Alvy Singer, a forty year old twice divorced, neurotic, intellectual Jewish New York stand-up comic, reflects on the demise of his latest relationship, to Annie Hall, an insecure, flighty, Midwestern WASP aspiring nightclub singer. Unlike his previous relationships, Alvy believed he may have worked out all the issues in his life through fifteen years of therapy to make this relationship with Annie last, among those issues being not wanting to date any woman that would want to date him, and thus subconsciously pushing those women away. Alvy not only reviews the many ups and many downs of their relationship, but also reviews the many facets of his makeup that led to him starting to date Annie. Those facets include growing up next to Coney Island in Brooklyn, being attracted to the opposite sex for as long as he can remember, and enduring years of Jewish guilt with his constantly arguing parents. Written by
One scene cut from the film is a fantasy sequence of Annie and Alvy visiting hell. This scene was rewritten 20 years later for Allen's Deconstructing Harry (1997). See more »
Near the end of the film when Annie and Alvy meet outside at the restaurant, the crew is reflected in Annie's glasses throughout the scene. See more »
[addressing the camera]
There's an old joke - um... two elderly women are at a Catskill mountain resort, and one of 'em says, "Boy, the food at this place is really terrible." The other one says, "Yeah, I know; and such small portions." Well, that's essentially how I feel about life - full of loneliness, and misery, and suffering, and unhappiness, and it's all over much too quickly. The... the other important joke, for me, is one that's usually attributed to Groucho Marx; but, I ...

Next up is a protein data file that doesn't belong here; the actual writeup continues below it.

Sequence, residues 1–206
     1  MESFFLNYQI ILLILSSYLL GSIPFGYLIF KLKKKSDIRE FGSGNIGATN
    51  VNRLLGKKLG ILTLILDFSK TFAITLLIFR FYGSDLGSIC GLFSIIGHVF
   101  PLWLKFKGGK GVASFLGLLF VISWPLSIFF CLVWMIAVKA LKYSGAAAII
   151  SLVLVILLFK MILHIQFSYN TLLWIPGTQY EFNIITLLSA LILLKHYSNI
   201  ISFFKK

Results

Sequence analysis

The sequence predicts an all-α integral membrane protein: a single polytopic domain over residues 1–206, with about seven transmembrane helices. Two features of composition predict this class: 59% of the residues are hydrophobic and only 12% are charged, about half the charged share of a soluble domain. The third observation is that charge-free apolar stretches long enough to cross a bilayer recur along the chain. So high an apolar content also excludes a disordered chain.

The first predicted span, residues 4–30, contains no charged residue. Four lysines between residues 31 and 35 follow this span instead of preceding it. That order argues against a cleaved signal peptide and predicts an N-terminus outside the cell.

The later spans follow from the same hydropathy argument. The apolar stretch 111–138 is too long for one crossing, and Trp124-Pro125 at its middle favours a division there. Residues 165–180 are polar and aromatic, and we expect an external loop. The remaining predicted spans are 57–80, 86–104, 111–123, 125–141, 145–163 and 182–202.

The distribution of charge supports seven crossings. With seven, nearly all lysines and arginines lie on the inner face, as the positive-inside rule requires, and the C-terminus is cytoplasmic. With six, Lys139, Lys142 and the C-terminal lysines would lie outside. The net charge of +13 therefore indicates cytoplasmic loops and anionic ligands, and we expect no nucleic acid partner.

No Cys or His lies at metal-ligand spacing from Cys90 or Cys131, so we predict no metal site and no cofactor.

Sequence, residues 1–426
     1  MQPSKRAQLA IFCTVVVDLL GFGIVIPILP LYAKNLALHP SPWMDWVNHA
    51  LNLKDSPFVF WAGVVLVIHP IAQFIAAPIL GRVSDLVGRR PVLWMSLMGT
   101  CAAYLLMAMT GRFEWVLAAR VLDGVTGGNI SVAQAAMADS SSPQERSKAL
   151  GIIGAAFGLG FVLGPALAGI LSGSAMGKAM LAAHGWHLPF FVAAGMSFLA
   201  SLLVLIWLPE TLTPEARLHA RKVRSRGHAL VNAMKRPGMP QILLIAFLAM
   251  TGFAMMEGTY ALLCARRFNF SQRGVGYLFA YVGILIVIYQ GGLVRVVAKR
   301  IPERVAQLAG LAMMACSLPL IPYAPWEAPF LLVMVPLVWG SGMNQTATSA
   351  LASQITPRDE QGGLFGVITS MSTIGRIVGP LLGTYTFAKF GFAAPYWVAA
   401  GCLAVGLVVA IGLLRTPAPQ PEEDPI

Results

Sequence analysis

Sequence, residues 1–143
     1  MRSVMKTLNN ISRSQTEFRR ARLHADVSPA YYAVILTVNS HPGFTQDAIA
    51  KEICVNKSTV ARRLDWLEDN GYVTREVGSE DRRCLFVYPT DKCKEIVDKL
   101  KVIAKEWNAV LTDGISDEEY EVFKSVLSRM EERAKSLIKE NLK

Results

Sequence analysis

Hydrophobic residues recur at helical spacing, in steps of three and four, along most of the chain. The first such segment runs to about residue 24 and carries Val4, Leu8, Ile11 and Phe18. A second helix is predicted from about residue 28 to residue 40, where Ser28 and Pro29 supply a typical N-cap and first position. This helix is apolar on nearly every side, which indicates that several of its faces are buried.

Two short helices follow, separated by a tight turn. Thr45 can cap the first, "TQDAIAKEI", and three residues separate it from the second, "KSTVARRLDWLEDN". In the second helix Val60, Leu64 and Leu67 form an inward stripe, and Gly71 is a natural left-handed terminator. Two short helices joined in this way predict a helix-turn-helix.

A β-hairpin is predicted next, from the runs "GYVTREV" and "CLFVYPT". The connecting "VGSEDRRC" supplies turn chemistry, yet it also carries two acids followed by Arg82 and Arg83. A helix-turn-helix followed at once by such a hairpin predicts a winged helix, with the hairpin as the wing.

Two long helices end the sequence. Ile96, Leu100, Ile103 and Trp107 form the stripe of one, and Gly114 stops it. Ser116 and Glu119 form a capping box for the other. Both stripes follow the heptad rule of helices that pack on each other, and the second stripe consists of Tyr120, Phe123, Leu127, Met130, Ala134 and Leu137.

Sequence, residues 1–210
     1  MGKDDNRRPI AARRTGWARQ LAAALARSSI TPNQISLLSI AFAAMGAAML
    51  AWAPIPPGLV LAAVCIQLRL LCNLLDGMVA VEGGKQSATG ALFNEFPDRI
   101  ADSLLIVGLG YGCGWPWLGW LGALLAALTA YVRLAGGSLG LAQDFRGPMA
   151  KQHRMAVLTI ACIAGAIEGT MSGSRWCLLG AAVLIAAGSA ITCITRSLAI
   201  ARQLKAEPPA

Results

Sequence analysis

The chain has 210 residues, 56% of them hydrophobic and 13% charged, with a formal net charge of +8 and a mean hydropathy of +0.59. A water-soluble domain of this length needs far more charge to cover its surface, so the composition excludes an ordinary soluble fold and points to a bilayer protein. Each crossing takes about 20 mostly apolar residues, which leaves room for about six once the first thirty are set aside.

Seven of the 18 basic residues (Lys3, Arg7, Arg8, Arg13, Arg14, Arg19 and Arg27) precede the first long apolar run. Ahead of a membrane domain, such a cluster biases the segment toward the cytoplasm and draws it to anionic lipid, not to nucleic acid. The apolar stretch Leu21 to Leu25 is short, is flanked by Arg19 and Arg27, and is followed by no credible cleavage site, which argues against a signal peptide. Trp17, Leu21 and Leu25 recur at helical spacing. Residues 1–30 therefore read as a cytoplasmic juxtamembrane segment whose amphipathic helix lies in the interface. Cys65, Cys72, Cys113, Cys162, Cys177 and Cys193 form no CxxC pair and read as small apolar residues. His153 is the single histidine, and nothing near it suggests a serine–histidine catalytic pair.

See more »
Christopher Walken's name is misspelled in the credits as "Christopher Wlaken". See more »
What a disaster of a film this is. Ironic in that it's everything it touts it hates. It appeals to a certain kind of culture especially at the time of its creation that functions only a thin layer beneath superficiality. As though just because of its constant and worthless, meaningless postmodern cynicism it actually means something real. But it's pure emptiness - there is no feeling or human soul or spirit in any of the film, and the center of it all is Annie and Alvy, with not an ounce of love between them. Plus the latter is excruciating, nauseatingly painful to watch for two minutes let alone ninety.
It appeals to the mind, not to the heart. It is exactly the kind of intellectualism it claims to hate.
The movie staggers constantly, flickering between occasional bouts of experimental wonder (I loved the animated scene) and rabid pseudo-intellectualist circlejerking. There's some knowledge behind it, but it's only mere name-drops. And again, for a movie about love it certainly is totally devoid of it. There's no real communication between the two main characters, it's all fluff, all gimmick. No genuine emotion exists in Annie Hall the movie.
I almost take it as a personal offense that the slopped-up holier- than-thou script is regarded as one of cinema's greatest. If this is our best, I fear we're doomed.
5 of 5 people found this review helpful.
Was this review helpful to you?